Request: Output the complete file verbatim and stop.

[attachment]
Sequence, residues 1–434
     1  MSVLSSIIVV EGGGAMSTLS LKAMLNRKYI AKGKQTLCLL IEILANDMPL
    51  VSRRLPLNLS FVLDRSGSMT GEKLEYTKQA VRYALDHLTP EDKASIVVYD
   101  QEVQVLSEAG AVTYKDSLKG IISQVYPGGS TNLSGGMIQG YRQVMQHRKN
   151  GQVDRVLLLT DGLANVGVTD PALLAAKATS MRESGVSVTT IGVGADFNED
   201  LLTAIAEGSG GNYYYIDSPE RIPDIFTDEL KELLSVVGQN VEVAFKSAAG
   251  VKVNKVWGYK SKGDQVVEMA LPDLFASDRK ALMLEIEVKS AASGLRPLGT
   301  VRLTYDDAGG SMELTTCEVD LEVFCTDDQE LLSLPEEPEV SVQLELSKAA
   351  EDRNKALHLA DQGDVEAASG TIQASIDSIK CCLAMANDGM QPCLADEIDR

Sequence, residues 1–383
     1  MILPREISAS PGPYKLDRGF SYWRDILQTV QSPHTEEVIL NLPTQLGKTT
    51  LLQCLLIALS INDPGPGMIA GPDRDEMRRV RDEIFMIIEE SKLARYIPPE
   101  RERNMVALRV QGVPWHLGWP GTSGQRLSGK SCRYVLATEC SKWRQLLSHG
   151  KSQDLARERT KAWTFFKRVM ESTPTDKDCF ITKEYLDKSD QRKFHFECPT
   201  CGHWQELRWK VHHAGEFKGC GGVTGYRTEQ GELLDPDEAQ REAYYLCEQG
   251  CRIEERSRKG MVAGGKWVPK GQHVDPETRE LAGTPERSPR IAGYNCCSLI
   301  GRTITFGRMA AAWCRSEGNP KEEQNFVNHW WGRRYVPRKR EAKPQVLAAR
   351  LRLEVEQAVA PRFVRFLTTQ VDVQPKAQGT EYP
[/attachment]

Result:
Sequence, residues 1–434
     1  MSVLSSIIVV EGGGAMSTLS LKAMLNRKYI AKGKQTLCLL IEILANDMPL
    51  VSRRLPLNLS FVLDRSGSMT GEKLEYTKQA VRYALDHLTP EDKASIVVYD
   101  QEVQVLSEAG AVTYKDSLKG IISQVYPGGS TNLSGGMIQG YRQVMQHRKN
   151  GQVDRVLLLT DGLANVGVTD PALLAAKATS MRESGVSVTT IGVGADFNED
   201  LLTAIAEGSG GNYYYIDSPE RIPDIFTDEL KELLSVVGQN VEVAFKSAAG
   251  VKVNKVWGYK SKGDQVVEMA LPDLFASDRK ALMLEIEVKS AASGLRPLGT
   301  VRLTYDDAGG SMELTTCEVD LEVFCTDDQE LLSLPEEPEV SVQLELSKAA
   351  EDRNKALHLA DQGDVEAASG TIQASIDSIK CCLAMANDGM QPCLADEIDR

Sequence, residues 1–383
     1  MILPREISAS PGPYKLDRGF SYWRDILQTV QSPHTEEVIL NLPTQLGKTT
    51  LLQCLLIALS INDPGPGMIA GPDRDEMRRV RDEIFMIIEE SKLARYIPPE
   101  RERNMVALRV QGVPWHLGWP GTSGQRLSGK SCRYVLATEC SKWRQLLSHG
   151  KSQDLARERT KAWTFFKRVM ESTPTDKDCF ITKEYLDKSD QRKFHFECPT
   201  CGHWQELRWK VHHAGEFKGC GGVTGYRTEQ GELLDPDEAQ REAYYLCEQG
   251  CRIEERSRKG MVAGGKWVPK GQHVDPETRE LAGTPERSPR IAGYNCCSLI
   301  GRTITFGRMA AAWCRSEGNP KEEQNFVNHW WGRRYVPRKR EAKPQVLAAR
   351  LRLEVEQAVA PRFVRFLTTQ VDVQPKAQGT EYP